Microsoft to offer $100000 dollars to hackers, if they could hack its custom Linux OS


The major Software firm, Microsoft, said that they are willing to shed off $100000 to all those hackers who can hack the custom Linux OS of the company. Microsoft had built a custom OS last year for its Azure Sphere OS, which was made especially for the IoT of some specialized chips. This powerful combination makes sure that apps and other services can run in isolation in a sandbox, so it offers strong protection, as per Company.

Now, the firm wants to test the security of their software, so it has rather given an opportunity to the hackers, and this type of thing does not happen that frequently, where hackers get paid, instead of legal action. This is an open challenge put by the company and it is open for 3 months from 1st June to 31st August.

Azure Sphere is one of the most ambitious projects of Microsoft, and CEO Satya Nadela has emphasized that they would be chasing billions of IoT gadgets over the decade and the Azure Sphere is the main portion of this mission, so as to control all those devices and also keep them secured. This can also be termed as a mega push by the firm to create and win a world beyond windows.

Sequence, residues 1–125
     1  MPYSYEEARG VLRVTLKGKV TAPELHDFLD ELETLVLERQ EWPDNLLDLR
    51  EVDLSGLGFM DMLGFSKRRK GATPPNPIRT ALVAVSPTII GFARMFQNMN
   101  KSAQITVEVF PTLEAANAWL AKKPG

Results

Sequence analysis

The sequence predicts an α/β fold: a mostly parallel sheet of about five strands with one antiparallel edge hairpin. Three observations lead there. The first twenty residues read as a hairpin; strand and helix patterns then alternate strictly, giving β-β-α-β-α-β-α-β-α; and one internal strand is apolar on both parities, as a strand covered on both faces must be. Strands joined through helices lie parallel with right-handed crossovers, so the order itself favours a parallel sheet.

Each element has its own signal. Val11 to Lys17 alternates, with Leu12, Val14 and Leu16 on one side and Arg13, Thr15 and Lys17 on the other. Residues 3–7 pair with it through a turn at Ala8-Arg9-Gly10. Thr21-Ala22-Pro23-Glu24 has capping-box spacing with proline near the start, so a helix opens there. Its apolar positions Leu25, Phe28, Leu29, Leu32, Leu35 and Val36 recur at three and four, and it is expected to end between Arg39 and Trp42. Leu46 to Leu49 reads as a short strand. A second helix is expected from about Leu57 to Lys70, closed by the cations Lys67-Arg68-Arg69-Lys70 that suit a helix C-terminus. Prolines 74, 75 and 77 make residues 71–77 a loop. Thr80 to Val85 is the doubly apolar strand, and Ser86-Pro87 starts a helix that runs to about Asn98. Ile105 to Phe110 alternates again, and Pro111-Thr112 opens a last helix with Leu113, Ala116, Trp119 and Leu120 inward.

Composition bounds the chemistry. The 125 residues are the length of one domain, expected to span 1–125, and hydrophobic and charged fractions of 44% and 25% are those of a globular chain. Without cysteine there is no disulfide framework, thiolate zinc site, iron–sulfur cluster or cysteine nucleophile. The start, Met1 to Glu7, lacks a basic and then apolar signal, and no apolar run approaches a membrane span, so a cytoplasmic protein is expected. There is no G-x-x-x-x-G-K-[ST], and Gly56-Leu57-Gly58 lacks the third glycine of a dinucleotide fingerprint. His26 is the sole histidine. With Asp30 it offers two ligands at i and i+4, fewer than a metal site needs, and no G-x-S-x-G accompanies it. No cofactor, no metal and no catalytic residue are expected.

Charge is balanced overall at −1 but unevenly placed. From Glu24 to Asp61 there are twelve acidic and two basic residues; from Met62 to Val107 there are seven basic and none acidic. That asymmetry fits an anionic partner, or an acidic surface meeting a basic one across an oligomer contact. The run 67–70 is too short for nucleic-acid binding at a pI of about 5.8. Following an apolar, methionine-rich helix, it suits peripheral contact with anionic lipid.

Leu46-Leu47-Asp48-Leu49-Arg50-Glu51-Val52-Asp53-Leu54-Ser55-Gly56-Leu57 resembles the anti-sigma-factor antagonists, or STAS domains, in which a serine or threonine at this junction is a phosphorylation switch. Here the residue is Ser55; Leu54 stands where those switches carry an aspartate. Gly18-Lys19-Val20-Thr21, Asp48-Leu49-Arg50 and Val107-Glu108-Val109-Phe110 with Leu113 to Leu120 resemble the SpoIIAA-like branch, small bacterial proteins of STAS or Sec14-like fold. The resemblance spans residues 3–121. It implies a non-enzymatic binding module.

1 thought on “Microsoft to offer $100000 dollars to hackers, if they could hack its custom Linux OS”

  1. I appreciate that Azure Sphere OS, serves an entirely different purpose than a traditional Desktop OS. Microsoft should feel fortunate that millions of users are either: “locked in” to Windows OS by their employer, are “locked in” by the applications they use, or are just captive because they are not convinced there is an alternative, except the pricey Apple hardware. The Apple hardware is running an OS that was derived from Linux, as the Azure Sphere OS is derived from Linux. The only way I personally can describe Windows OS, is “Inexcusable”. No future update is likely to make it any better, and so the code base needs to be scrapped. Since Microsoft has some of the world’s very best programmers, I cannot believe they are a problem. My opinion is the problems arise from legacy issues, code bloat, government interference, and insufficient control of the hardware platforms Windows is installed on. Time to start again with a blank sheet of paper?


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